Bloomberg Law
March 9, 2020, 8:00 AM

INSIGHT: Intellectual Property Rights in the Age of the Streaming Wars

Ed Klaris
Ed Klaris

Entertainment media is undergoing a major shift. Internet streaming services like Netflix and Hulu, once upstart entrants into the market, have come into their own as dominant forces.

Now, with legacy content players like Disney and NBCUniversal and tech giants like Apple launching their own entertainment content delivered directly via streaming, we’re seeing even more dramatic developments.

One of the primary challenges the industry faces amidst the innovation and disruption is a legal one: accurately and fairly tracking the rights to thousands upon thousands of pieces of intellectual property. Achieving this kind of visibility means adopting an array of new processes and solutions that can address the unprecedented volume and complexity of rights management in the digital age.

Be it legacy or streaming, a shift in the typical historical processes is not only in everyone’s interest but is essential to the sustained growth of the industry.

Current Approach Like a Catacomb

In many ways, the current approach to rights management resembles the legal equivalent of a catacomb. Vast and disorienting, current contracts systems are a combination of unlinked databases, personal drives, and physical archives, some offsite, and kept in boxes.

Many of the major players already on the scene, or close to it, have massive amounts of content, but can’t readily access rights information to determine quickly what is available for potential streaming.

The result is inefficiency, confusion, and often even unnecessary litigation. All of this impacts the corporate bottom line. But there’s an even greater cumulative effect on the industry as a whole: decision processes are slowed, industry intelligence is incomplete, and content is frequently tangled up in rights issues holding it back while the industry around us moves forward ever faster. New business models mandate accuracy and velocity, not age-old manual bottlenecks in the office of general counsel.

To change and thrive in this system, entertainment companies will have to adopt new approaches to rights management—from the very moment of contract drafting, instead of waiting for a research request to come in—which means adopting new processes and technologies, as well as new services.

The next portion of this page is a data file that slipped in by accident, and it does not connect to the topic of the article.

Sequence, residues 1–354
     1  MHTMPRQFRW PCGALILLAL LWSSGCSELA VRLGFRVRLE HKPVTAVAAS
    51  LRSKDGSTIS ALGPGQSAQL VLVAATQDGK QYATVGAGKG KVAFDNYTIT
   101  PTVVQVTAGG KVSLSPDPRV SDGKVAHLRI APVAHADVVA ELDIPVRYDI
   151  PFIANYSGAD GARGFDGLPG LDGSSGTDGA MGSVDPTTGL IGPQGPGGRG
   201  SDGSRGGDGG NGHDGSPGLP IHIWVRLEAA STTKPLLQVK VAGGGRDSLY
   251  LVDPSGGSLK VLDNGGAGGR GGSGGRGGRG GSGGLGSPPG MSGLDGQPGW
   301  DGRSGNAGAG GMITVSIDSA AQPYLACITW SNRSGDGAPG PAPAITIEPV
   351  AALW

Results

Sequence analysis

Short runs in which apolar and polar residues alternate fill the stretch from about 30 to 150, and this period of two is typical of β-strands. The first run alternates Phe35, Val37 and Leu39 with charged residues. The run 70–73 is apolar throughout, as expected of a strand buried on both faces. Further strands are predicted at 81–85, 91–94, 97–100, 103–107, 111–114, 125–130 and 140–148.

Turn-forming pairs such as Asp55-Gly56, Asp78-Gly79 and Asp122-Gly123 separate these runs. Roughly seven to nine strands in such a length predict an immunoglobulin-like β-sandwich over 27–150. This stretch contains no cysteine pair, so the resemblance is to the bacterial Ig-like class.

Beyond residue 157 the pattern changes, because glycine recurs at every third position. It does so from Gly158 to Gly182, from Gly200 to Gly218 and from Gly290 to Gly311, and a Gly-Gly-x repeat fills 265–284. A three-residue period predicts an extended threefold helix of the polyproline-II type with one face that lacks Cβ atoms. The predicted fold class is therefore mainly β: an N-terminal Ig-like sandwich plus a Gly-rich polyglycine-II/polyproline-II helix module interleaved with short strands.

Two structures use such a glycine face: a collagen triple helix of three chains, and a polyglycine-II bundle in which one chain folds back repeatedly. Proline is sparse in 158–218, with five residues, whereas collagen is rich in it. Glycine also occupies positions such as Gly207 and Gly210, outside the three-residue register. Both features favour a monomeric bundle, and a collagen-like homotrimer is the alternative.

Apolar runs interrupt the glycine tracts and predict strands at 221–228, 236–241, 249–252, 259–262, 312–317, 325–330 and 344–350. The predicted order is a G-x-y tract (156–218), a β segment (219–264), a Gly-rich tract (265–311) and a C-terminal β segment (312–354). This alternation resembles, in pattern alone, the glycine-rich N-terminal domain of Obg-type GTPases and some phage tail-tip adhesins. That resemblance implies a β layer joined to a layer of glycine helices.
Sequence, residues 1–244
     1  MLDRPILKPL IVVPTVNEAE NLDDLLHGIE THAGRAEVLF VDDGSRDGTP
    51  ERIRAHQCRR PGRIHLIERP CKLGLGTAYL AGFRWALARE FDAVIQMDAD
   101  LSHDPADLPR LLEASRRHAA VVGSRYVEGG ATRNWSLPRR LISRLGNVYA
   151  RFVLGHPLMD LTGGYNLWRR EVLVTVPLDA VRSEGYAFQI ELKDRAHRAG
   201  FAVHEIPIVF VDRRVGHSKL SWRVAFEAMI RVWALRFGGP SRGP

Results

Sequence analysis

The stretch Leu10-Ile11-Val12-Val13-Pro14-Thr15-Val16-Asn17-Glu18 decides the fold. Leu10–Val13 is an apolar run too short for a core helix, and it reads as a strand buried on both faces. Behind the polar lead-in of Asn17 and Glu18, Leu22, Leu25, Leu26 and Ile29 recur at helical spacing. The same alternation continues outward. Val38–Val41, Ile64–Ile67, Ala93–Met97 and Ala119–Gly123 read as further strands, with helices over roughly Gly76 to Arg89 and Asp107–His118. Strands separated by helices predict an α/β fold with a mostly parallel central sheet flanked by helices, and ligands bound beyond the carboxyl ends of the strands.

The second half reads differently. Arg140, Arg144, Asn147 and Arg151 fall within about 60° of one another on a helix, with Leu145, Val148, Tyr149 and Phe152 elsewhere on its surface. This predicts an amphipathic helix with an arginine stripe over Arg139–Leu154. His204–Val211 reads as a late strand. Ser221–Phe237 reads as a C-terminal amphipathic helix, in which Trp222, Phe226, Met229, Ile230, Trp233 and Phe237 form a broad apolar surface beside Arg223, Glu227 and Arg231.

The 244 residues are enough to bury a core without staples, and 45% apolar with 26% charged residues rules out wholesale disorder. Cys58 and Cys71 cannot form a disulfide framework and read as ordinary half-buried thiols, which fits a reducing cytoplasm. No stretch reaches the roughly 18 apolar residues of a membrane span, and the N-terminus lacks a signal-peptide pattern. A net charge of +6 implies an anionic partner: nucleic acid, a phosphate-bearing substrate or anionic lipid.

Companies are starting to look at artificial intelligence and machine learning, for example, to weed through documents, though AI in contract reading is still in its nascence. The industry could not be more ready for better intelligent inventory management—especially in mining the value of material created long before today’s distribution and consumption models were thought of.

Innovation Needed

Businesses need to drive innovation in contracts, contracting processes, and rights information with agile tools, modern data structure, analytics, AI, and network technologies to track rights agreements, obligations, conflicts and other critical elements.

Currently available solutions, including legal process outsourcing, which the banking and health care industries have used with success, are promising and cost-efficient when considering the long-term impact to those with vast archives. However, there is more to do.

Matching and leveraging technology with legal teams to meet business needs is a vital step to agility in this landscape. Properly assessing the current state and executing on a roadmap to an optimized future state is mission critical.

The relentless acceleration of entertainment growth brings market opportunities for innovators, solution providers, and agents of transformation. Examples include the launch of Peacock from NBCUniversal, Disney+, and more on the horizon.

As legacy companies with complicated and varied rights to older content face the new direct-to-consumer streaming platforms, which have much simpler rights needs, they see that investment in knowing what they can and cannot do with their old movies and TV shows will be expensive—but not even close to as expensive as creating original shows and movies from scratch. These established players can’t afford—and don’t want to—miss opportunities to create spin-offs, remakes, sequels, and re-release content on new streaming platforms.

Rights which are stuck in a file box are, quite simply, revenue left in the vaults. That is too much of our past. No matter what side of the business you may represent—legacy, streaming, talent or traditional distribution—rights which are immediately available to a content strategist or sales team can only bring more opportunity and value. That is our future.

This column does not necessarily reflect the opinion of The Bureau of National Affairs, Inc. or its owners.

Author Information

Ed Klaris is the CEO of KlarisIP, a boutique consulting and managed services firm focusing on IP rights and royalties, digital asset management and metadata. He is also managing partner of Klaris Law, a boutique media, entertainment, technology, and intellectual property law firm, which he founded in 2014. Before starting his own firm, he served as general counsel for The New Yorker, media counsel at ABC Inc., and as a litigator at Davis Wright Tremaine LLP.

Learn more about Bloomberg Law or Log In to keep reading:

Learn About Bloomberg Law

AI-powered legal analytics, workflow tools and premium legal & business news.

Already a subscriber?

Log in to keep reading or access research tools.